A lot of people are familiar with Canada’s name. They know that it was named after an explorer who landed on the continent and claimed it for France. But do they know which luxury brand shares its name with this man?
The answer is Louis Vuitton, a popular French fashion designer founded in 1854 by Louis Vuitton. The company has won many awards over the years, including being named “Europe’s Most Admired Fashion House” four times since 2002.
It’s a good thing to know which luxury brand shares its name with the explorer who named Canada. Now you do!
In 1849, when the French explorer Jacques Cartier traveled to Canada and claimed it for France on behalf of King Francis I, he gave his name. But in 1854, Louis Vuitton founded a company that would be known around the world as one of Europe’s most prestigious brands.
The luxury brand shares its namesake with Jacques Cartier – which is why it was so important to know which luxury brand shares its name with this man!
On June 17th, 1608 “Canada” became the official title for North America north of Florida (although some people think you can blame him for naming all of North America too). It seems like these two men have given their names to both places they came into contact with: an explorer, Jacques Cartier, and a luxury brand that is known around the world as Louis Vuitton.
What Luxury Brand Shares Its Name With the French Explorer Who Is Credited with Naming Canada? which luxury brand shares its name with the french explorer who is credited with naming canada?
which luxury brand shares its name with the french explorer who is credited with naming canada?
Canada, officially North America north of Florida and sometimes South America south of Alaska. Cartier came to Canada in 1534 as a member of an expedition led by Nicolas de Vignan for King Francis I. He later returned in order to explore the region further on behalf of France and found what would become Quebec City. It was during this second trip that he met Donnacona, chief at Stadaconé, near present day Trois-Rivières now home to one Louis Vuitton store (also known as “La Grande Épicerie”). The French royal court had been taught about exotic new products from India such as spices, and Cartier was sent to find these as well.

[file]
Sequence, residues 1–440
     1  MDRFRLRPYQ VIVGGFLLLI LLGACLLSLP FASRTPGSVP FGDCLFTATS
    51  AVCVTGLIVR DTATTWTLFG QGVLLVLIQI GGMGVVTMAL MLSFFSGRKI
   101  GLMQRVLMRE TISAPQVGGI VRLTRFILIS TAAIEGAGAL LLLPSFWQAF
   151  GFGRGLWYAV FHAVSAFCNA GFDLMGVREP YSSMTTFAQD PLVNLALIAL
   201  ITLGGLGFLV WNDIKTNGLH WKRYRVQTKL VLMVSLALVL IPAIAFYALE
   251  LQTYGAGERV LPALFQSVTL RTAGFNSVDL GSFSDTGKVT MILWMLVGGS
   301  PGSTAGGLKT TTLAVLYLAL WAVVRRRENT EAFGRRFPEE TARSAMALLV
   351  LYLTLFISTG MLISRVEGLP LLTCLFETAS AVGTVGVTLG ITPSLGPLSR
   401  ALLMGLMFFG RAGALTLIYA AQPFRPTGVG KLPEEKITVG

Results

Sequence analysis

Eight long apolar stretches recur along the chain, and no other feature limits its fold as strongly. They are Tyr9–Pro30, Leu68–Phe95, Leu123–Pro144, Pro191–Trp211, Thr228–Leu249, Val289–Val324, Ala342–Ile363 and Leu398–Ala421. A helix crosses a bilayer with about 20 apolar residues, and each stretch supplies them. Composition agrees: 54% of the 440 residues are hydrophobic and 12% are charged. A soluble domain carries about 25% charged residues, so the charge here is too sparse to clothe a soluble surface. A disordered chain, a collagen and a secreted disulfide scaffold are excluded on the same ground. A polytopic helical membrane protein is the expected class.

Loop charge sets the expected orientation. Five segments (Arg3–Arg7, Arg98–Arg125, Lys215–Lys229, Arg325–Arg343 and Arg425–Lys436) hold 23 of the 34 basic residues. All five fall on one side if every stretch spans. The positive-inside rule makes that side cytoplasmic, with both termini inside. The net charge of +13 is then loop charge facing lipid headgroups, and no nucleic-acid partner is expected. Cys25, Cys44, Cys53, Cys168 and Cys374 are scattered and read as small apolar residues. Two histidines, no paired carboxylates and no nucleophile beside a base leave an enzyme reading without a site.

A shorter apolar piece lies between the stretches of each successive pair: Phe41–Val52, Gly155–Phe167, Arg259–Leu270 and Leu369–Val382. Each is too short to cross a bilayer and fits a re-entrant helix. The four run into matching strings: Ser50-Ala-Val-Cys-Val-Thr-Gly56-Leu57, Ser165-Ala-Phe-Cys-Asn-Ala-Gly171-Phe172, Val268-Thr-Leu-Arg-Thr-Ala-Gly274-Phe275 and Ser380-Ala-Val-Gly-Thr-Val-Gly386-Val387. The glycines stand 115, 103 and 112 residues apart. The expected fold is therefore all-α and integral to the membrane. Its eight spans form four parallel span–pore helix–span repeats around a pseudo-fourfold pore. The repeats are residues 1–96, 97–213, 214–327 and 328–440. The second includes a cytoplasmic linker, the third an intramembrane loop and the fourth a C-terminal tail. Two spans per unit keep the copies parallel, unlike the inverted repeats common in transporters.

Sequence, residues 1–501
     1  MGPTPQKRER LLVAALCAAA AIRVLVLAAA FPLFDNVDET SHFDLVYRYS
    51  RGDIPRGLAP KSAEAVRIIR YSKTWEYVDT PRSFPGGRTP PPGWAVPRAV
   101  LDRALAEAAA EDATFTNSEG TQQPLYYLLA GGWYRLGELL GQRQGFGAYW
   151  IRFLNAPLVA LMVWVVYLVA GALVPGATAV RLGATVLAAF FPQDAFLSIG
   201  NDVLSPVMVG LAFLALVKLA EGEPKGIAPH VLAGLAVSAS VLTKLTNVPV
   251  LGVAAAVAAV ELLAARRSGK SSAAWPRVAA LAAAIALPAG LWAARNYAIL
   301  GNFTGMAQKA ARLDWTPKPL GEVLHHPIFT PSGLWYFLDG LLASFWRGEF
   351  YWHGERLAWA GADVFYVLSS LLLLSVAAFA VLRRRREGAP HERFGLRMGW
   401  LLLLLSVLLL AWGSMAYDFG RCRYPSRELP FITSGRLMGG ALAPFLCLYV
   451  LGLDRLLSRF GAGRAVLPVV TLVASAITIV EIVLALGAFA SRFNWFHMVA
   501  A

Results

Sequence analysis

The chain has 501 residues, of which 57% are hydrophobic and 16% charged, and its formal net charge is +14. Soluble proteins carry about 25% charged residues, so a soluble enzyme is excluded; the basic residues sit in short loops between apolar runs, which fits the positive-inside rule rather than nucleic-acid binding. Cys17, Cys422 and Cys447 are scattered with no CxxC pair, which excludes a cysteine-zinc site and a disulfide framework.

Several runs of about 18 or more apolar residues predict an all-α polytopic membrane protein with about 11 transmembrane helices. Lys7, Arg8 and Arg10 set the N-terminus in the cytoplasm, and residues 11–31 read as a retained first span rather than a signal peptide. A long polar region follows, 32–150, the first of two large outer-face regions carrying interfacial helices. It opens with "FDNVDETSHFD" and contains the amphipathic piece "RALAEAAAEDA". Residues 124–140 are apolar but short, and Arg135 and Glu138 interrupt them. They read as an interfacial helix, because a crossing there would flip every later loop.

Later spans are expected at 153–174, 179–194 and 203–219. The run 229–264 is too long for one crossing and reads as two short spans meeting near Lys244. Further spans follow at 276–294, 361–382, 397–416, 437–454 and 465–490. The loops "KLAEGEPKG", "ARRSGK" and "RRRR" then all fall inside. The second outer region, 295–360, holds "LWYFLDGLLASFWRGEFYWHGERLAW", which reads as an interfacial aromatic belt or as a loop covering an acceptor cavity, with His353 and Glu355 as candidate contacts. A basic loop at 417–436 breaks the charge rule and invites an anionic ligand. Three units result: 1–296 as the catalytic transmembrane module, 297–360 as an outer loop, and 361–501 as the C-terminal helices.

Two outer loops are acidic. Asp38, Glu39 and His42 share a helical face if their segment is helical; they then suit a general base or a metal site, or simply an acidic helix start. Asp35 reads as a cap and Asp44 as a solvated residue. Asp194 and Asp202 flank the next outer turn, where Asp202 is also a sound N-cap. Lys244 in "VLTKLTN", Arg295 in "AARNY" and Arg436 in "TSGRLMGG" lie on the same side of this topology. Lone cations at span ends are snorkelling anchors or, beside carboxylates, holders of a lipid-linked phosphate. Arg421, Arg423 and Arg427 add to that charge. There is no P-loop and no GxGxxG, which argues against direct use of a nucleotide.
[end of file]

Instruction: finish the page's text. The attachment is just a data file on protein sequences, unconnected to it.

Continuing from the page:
Louis Vuitton’s signature monogram is believed to have been first used by the company in 1854 when it registered the design with France’s Chamber of Commerce. The New York Times discovered a reference from an 1896 edition of Le Figaro showing that Louis Vuitton bought leather trunks for export under its own name rather than just using “facteur en gros, or wholesale dealer.”
In 1980, LVMH Moët Hennessy-Louis Vuitton purchased the business from descendants of Louis Vuitton himself, becoming one of their largest brands alongside Christian Dior (another luxury brand which shares its name with a person).
The Canadian headquarters for Louis Vuitton are based in Montréal, which is also home to the company’s first store.
At LVMH Moët Hennessy-Louis Vuitton, the group is also home to some of their other well known brands including Christian Dior which was named after its founder. The company’s first store in Canada was based downtown in Montréal and this location remains one of Louis Vuitton’s largest stores worldwide.
The luxury brand shares its name with French explorer Pierre Paul de la Vérendrye who is credited with naming Canada for France during his explorations from 1731 – 1743. He claimed territory north and westward of Lake Superior as New Frances which later became part of Lower Canada or Québec Province before being renamed again by the British Empire to Upper Canada (present day Ontario).